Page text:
Lee Schafer
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Part of the fun of going every year to the Minnesota State Fair is seeing what’s new — and this year that included Federal Reserve Bank of Minneapolis President Neel Kashkari talking about the Federal Reserve and economic issues up on the Star Tribune stage.

Kashkari followed an appearance by Minnesota Wild coach Bruce Boudreau, as newsmakers have long dropped by media-company booths like the Star Tribune’s. He cheerfully volunteered to hold a big umbrella over both of us as he answered questions.

We had hoped Kashkari might accept an invitation to come by, given his commitment to the idea that the Federal Reserve could be more transparent about what it does and more helpful to the public on some of the biggest challenges in our economy.

“Historically the Fed was very walled off,” he explained this week. “It was a little bit like the Wizard of Oz, ‘Don’t look back here, don’t ask any questions, just leave us alone.’ Well, that wasn’t the right thing to do.”

He also came to the fair to promote the opening in Minneapolis of the musical “Hamilton,” although it’s more accurate to say the Minneapolis Fed is promoting the historical figure Alexander Hamilton. As the first treasury secretary, he was the early champion of a unified American economic system.

Alexander Hamilton doesn’t seem to need any more good press, but the Fed sure can still use it. By far most of what gets written about this organization is about its role in influencing short-term interest rates, but that doesn’t come close to fully describing all it does.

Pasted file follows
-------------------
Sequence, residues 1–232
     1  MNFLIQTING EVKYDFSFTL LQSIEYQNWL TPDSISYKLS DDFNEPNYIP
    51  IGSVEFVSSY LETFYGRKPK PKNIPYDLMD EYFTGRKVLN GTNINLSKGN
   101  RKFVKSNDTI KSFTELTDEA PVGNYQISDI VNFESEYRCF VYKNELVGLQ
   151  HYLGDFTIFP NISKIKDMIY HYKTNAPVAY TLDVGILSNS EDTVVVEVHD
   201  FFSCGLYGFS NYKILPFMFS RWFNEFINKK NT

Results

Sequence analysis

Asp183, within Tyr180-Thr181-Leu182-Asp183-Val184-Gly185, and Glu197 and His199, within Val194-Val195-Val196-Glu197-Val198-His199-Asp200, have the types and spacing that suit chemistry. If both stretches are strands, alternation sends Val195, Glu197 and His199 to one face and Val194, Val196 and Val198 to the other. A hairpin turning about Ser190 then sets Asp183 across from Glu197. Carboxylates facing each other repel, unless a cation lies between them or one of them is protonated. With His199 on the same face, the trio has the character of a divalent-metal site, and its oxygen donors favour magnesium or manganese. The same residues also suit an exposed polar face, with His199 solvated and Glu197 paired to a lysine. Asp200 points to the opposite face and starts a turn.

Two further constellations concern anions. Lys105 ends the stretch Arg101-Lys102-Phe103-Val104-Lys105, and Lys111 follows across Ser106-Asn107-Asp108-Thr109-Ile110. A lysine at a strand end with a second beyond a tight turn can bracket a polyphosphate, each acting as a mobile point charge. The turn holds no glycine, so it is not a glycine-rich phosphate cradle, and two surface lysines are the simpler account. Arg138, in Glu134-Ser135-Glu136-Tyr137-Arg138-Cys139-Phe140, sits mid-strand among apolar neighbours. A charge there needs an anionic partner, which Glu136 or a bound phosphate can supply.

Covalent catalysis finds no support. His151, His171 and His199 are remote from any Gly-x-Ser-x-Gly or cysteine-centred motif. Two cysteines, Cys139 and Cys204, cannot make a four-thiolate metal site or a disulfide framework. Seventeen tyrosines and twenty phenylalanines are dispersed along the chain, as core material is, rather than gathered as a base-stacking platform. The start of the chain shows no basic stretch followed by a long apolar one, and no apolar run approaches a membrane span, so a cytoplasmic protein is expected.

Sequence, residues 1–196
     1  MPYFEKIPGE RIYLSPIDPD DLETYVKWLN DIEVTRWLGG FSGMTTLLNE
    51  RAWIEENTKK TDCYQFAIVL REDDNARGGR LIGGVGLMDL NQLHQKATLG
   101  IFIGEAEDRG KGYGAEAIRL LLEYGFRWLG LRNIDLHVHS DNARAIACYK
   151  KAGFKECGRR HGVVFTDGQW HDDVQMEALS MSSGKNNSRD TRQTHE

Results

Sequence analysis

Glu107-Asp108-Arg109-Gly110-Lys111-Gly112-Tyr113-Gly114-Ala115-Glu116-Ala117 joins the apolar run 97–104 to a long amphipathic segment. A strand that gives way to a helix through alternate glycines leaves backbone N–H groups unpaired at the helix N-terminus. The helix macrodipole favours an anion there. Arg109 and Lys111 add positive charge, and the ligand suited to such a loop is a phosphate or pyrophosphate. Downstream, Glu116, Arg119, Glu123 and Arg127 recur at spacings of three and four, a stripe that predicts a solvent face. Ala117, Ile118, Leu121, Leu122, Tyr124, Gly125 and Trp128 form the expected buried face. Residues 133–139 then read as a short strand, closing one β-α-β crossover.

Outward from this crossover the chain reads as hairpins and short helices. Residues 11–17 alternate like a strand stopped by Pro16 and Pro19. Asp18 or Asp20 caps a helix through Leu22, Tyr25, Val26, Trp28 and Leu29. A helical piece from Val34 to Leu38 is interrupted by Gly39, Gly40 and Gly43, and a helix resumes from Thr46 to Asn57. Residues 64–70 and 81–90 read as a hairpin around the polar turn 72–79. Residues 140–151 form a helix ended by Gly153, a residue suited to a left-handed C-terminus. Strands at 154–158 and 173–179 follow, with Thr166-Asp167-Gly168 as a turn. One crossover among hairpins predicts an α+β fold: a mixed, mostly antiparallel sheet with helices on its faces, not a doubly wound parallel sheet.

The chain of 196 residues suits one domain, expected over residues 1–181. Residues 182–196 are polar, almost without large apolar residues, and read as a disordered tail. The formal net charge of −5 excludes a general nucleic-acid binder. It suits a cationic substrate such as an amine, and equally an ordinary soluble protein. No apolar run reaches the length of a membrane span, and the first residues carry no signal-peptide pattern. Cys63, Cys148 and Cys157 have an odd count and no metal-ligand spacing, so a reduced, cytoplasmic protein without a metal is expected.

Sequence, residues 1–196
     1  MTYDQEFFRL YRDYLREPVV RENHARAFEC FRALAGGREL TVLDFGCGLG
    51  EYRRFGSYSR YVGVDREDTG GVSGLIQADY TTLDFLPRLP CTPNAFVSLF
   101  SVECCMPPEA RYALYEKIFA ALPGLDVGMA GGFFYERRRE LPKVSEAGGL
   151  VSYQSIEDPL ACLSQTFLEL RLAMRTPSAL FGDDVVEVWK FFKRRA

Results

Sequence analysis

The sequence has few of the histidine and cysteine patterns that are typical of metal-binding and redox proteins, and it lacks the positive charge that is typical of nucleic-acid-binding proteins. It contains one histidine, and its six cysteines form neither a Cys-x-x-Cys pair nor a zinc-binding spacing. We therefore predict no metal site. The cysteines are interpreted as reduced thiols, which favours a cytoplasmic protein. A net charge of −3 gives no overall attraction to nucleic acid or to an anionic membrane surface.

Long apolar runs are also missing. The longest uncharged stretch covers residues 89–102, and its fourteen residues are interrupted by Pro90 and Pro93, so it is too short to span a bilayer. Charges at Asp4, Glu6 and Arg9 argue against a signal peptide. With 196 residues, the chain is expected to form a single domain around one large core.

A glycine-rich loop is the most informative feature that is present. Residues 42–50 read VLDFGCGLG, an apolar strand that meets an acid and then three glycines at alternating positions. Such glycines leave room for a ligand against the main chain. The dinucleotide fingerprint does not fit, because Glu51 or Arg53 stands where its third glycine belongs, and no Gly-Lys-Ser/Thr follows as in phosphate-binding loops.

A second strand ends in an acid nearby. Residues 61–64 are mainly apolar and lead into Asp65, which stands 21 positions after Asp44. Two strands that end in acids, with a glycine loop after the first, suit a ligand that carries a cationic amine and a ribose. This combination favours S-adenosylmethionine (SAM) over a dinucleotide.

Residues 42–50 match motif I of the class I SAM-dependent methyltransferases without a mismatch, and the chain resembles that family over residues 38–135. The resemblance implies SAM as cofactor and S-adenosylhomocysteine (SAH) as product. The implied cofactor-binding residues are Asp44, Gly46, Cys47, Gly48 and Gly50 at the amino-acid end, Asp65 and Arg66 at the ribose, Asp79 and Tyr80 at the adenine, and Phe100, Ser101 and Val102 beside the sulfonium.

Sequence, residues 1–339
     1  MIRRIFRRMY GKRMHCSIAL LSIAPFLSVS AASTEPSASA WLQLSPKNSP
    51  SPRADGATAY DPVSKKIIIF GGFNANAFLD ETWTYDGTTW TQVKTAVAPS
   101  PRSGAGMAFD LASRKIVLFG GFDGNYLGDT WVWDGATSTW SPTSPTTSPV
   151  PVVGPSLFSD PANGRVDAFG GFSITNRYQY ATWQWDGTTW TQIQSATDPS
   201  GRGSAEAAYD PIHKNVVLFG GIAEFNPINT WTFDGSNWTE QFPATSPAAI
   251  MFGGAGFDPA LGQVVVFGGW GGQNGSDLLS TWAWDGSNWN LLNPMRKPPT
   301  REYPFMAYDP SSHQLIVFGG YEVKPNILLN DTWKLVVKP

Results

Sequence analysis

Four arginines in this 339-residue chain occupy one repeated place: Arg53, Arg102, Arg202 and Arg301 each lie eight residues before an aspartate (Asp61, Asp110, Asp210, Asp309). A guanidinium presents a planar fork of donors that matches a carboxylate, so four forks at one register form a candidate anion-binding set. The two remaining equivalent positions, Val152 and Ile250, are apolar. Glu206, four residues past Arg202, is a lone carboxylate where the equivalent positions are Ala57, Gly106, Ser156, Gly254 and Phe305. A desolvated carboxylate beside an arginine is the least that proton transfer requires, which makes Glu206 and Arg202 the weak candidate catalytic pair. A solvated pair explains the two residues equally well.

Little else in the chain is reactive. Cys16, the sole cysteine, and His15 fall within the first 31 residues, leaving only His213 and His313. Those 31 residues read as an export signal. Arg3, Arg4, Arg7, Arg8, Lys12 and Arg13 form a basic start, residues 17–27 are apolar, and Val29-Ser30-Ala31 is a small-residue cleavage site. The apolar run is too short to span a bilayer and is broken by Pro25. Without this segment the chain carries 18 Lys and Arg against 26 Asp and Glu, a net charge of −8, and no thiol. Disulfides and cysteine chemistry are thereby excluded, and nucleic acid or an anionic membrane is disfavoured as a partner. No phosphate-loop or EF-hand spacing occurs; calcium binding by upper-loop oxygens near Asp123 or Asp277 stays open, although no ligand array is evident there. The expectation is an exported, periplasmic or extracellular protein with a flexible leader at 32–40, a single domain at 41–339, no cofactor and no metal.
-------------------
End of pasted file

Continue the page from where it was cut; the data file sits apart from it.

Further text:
The 50 or so fairgoers who gathered in a gentle rain this week to hear Kashkari might have been surprised to hear about the Minneapolis Fed’s research interest in wealth and income inequality as part of its new Opportunity & Inclusive Growth Institute.

Employment for everyone who wants a job is one of the two main things Congress asked the Fed to care about, but as Kashkari explained, the opportunities for everybody to get good paying work just aren’t the same. So the Fed needs to look carefully at the reasons why.

“I’ll give you an example,” Kashkari said. “In America, it’s a curious, really troubling fact that African-American unemployment is always twice white unemployment. So if you have a booming economy and white unemployment is 3 [percent], African-American will be 6. If you have a recession, and white unemployment is 8, African-American unemployment will be 16 percent. Well, what drives those different outcomes?”

If you consider things such as educational attainment, maybe comparing only college graduates, the ratio still holds up, he added.

Wealth inequality is an even more complicated problem than income inequality, Kashkari said, as wealth can reflect what’s happened to a family over multiple generations.

If there were structural problems in the labor market that hampered grandma and grandpa’s opportunity, those problems might help explain why the adult grandkids are having trouble pulling together the money for a mortgage down payment.